Wife of Ekiti State Governor, Erelu Bisi Fayemi, has joined eminent Nigerians and groups to frown on the Senate resolution in support of child marriage in the country.
She spoke at a stakeholders’ forum convened by the President, Women Arise for Change Initiative, Dr. Joe Okei-Odumakin, in Lagos. A former Minister of Education, Dr. Oby Ezekwesili; and Mrs. Funmi Falana, also attended the meeting.
Erelu Bisi Fayemi called on the Senate to revisit the issue and ensure that they came up with a Constitution that would accord dignity and respect to women and the girl child. The governor’s wife canvassed the deletion of section 29 (4) (b) of the constitution, which stipulates that any woman who is married shall be deemed to be of full age.
She lamented the position of Senator Ahmed Yerima and other senators that supported the retention of the vexatious sub-section on religion ground. According to her, perverts should not hide under the guise of religion, culture and tradition to deny women and girls of their rights as exemplified by child marriage.
Erelu Fayemi called on the National and States Assembly to ensure that all international and regional agreements relating to the rights of the child were domesticated without further delay.
She emphasized the need for stakeholders to come out in full force and joined the ongoing campaign aimed at eliminating child marriage from the statute book.
Erelu Bisi Fayemi said, “We are gathered here today to talk about the girl child and the implication of this amendment. But it is also about the rights of women who are the mothers of those female children who would eventually become women.
“Take action and seek accountability, which can bring an end to the culture of impunity so that the rights of women and girls will not continue to be treated with such levity in Nigeria.”
The First Lady wondered why Nigeria, a signatory to various local, international and regional agreements such as 1979 Convention for the Elimination of Discrimination Against Women (CEDAW) and 1989 Convention on the Rights of the Child could embark on demeaning steps targeted at the girl child.
She added that Nigeria is also a signatory to Women Protocol to the African Charter of Women and People’s Rights, which explicitly put minimum age of marriage at 18 years, among other treaties that forbid child marriage.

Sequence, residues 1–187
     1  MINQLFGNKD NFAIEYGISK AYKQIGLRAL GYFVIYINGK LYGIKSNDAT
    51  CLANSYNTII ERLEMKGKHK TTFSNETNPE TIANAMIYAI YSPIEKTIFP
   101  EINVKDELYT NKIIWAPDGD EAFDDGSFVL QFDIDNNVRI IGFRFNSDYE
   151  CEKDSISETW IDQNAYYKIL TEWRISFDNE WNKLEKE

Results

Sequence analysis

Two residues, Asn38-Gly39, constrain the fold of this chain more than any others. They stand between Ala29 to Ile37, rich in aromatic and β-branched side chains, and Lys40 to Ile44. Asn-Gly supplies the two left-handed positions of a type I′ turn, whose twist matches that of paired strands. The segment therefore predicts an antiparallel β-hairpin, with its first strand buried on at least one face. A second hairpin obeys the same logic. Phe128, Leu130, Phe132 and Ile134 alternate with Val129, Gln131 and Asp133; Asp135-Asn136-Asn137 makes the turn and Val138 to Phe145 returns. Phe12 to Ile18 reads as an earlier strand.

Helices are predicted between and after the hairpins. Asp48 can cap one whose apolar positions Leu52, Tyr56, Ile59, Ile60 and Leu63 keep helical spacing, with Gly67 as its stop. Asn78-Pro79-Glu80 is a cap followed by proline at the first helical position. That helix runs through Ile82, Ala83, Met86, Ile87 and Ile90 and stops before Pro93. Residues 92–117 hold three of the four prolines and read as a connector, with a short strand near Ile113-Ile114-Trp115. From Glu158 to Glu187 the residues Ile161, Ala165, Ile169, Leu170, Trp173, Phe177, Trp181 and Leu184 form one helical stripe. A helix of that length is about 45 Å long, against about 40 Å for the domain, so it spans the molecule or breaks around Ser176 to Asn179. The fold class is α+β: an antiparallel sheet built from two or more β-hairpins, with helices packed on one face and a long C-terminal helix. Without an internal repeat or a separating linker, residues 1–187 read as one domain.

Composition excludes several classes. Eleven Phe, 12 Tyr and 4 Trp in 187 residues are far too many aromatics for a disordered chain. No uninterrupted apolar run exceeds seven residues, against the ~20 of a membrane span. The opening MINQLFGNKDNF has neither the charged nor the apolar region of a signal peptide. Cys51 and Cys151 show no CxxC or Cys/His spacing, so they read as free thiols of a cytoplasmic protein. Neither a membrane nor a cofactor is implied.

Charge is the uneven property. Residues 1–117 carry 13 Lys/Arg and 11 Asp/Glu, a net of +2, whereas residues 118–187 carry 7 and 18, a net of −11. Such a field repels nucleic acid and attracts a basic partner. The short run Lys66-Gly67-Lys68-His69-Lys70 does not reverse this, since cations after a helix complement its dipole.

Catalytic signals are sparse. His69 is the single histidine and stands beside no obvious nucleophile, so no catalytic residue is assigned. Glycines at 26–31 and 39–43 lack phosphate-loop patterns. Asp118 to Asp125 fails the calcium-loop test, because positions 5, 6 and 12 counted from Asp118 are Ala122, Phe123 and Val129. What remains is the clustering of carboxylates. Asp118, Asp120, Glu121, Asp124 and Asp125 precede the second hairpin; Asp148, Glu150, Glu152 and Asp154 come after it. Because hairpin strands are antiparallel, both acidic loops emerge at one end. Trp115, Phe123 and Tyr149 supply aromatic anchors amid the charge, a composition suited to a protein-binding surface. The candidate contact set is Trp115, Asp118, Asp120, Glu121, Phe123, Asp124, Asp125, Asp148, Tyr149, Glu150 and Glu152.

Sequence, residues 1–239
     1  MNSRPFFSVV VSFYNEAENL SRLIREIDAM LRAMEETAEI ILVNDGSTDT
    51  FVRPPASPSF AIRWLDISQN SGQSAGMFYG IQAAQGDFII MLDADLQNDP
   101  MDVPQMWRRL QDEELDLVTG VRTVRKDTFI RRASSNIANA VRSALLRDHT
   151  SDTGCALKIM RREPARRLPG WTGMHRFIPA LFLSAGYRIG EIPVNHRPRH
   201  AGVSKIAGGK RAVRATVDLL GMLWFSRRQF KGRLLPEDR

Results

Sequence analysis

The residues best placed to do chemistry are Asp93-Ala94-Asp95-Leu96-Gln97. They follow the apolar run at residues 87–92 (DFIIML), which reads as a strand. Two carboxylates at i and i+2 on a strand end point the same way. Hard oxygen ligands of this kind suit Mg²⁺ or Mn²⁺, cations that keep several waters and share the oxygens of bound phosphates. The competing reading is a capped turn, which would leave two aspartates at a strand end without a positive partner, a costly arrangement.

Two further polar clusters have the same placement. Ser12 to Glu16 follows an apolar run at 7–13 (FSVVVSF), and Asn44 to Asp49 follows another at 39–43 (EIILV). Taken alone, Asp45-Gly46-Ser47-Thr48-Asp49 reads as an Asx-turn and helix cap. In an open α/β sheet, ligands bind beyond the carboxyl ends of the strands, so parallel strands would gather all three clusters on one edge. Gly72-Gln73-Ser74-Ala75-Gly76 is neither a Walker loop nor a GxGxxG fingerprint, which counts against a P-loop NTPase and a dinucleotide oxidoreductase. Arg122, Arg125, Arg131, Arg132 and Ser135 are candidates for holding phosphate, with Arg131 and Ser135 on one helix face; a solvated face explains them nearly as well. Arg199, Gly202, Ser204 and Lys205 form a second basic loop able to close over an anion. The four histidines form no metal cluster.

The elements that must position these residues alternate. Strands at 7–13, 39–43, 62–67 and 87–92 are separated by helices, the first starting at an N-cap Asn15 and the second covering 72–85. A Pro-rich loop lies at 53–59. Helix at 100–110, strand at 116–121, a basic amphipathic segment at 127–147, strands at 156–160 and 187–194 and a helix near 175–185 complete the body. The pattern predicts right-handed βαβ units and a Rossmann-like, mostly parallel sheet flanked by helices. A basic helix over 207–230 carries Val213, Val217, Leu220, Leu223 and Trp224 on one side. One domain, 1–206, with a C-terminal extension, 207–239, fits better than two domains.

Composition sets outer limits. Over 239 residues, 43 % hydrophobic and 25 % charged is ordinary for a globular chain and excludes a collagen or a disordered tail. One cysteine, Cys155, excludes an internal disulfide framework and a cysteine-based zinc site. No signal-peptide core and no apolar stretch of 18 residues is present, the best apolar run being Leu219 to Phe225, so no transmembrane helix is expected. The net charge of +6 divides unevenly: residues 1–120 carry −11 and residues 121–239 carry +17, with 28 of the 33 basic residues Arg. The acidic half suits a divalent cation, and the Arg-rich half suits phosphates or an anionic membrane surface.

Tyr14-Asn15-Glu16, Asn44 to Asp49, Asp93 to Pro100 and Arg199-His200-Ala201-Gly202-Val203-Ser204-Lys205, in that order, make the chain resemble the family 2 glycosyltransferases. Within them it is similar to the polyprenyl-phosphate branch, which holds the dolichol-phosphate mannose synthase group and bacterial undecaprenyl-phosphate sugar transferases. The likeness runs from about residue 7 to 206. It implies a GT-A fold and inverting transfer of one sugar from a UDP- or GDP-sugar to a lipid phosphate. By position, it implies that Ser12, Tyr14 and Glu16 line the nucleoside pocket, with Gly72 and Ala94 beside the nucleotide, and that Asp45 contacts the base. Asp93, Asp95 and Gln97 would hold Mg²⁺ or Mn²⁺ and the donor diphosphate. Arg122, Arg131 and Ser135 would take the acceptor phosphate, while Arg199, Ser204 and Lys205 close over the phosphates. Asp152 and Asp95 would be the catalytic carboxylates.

While lamenting the spate of sexual assault on girls and women, the governor’s wife urged the National Assembly to pass the pending bill on Violence Against Persons. She urged members of the Senate not to carve out their own personal laws to suit their own personal circumstances or cover their “private sins.”
Erelu Fayemi however, commended the resolve of the Senate President to plead with the members of the Gender and Constitution Committee to revisit the issue, given the uproar that the proposed amendment had generated.
Former Minister of Education, Dr Oby Ezekwesili, said the protest against under-age marriage was geared towards the protection of the girl child. According to her, children should be given every opportunity to put them in a state of mental, physical and psychological readiness to be able to make certain informed decision in life.
Ezekwesili also noted that religion could not be the only reason for the senate to legalize child marriage, stressing that a girl child should be emotionally ready to be a mother.
The convener, Dr. Joe Okei-Odumakin described the Senate decision as obnoxious, adding that it was aimed at ruining the future of the girl-child. Odumakin stressed the need to continue to protect the Nigerian child against every form of abuse, warning the country against allowing religion to divide her.
A communiqué issued at the end of the meeting reads:
“That we unequivocally demand the deletion of section 29 (4) (b) of the 1999 Constitution as originally proposed by the Senate Committee on Constitution Review;
“That State Houses of Assembly that are yet to domesticate the Child Rights Acts should do so immediately;
“That the Violence Against Persons Bill pending before the National Assembly and the Gender Equal Opportunity bill before the State Houses of Assembly should be passed without further delay;
“That all known violators of the Child Rights Act and Laws in all the states of the federation must be prosecuted to serve as deterrence to others.”
Last modified: July 31, 2013